This morning I posted "Week Thirty-Five: Spring" over at my journal prompt blog, AnceStories2: Stories of Me for My Descendants. And I have to admit, Spring is not my favorite season. In fact, to name them in favorite to least favorite order, they are Fall, Summer, Winter and Spring.
Now some people just get all excited about Spring. They love that the snow is gone and the flowers are coming up, the days are getting longer and warmer. But to me, Spring has always been too vague, uncertain, and variant. As Lucy from Peanuts would say: "Wishy-washy." By the time we can actually say that Spring is here, it's late May, and summer is just around the corner. Spring brings snow, hail, wind, rain, ice, sun, clouds, and more of the above...usually all in one afternoon, too! When I was a girl growing up in Southeast Alaska and we had Spring weather like that, it was called "Fish Egg Weather," because it meant it was the time when the salmon went upstream to spawn. I remember seeing a creek which was located about a mile from our home being absolutely choked with salmon laying their eggs. Since the weather as a whole (wet and rainy) didn't seem a whole lot different in Spring compared to Summer or Fall (Southeast Alaska gets 160 - 180 inches of rain a year), it's hard to look back on my childhood memories and say definitively, "this happened in the Spring," or "this was a Spring memory."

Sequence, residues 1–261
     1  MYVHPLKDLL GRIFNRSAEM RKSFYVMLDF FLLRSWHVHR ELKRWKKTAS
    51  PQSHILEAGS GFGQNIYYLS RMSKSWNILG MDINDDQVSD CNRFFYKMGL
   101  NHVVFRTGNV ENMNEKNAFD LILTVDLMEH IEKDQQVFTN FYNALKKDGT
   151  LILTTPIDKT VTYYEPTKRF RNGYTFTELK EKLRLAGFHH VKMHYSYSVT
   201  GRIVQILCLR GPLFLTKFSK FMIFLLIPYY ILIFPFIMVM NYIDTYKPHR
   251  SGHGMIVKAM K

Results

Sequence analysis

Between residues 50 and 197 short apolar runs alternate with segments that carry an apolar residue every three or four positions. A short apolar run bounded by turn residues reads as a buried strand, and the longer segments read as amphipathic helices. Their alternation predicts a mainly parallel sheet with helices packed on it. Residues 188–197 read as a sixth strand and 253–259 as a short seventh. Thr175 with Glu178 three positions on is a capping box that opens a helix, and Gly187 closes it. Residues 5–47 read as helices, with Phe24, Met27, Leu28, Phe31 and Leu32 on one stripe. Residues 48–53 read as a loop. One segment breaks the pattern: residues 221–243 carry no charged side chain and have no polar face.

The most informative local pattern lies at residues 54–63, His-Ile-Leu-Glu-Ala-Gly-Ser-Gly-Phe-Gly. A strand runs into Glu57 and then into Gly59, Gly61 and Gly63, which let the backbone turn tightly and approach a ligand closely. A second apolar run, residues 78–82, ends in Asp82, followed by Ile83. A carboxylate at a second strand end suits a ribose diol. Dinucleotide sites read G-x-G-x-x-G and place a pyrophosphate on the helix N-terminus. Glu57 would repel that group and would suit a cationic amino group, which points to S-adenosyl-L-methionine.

One thing we had to be cautious about in Alaska in the Spring was the fact that bears were coming out of hibernation and 1) they were hungry; and 2) the females had their cubs with them. These were not pleasant thoughts to consider while walking the lonely one-mile long road from our house to town on the way to school and then back in the afternoon! Dad always said, "they're more afraid of you than you are of them" (doubtful!) and "make a lot of noise while you're walking, like singing or whistling, so they can hear you coming and go away," which is probably how I got into the bad habit of talking to myself, while doing mundane tasks. :-) Since these were black bears, not grizzlies, I was pretty safe, and I never did run into any on my way to school or back. In fact, it was my brother who ran into a bear when he was about 5 or 6 years old in the woods behind our house, and it happened after we moved to Eastern Washington. The bear ran off, and I'm sure Adriaen did, too...in the opposite direction!
On a side note: one of the things we did for fun was to drive to the dump several miles down the road between Klawock (our home town) and Craig to watch the bears. We didn't have television on the island at that point and there wasn't a theater, either (it burned down not long after we moved there), so entertainment had to be creative! There would be bears all over that dump, especially on garbage day. I remember one time when we went, there was a sow and three cubs, and as they ran off into the woods, the third cub was limping a bit. We saw plenty of sows with twin cubs over the years, but that was the only time we saw one with triplets.
One nice thing about Spring in Alaska was that there seemed to be a lot of rainbows during that time. My friends and I had a superstition that you couldn't point at a rainbow, because that would make it disappear. Funny how kids are!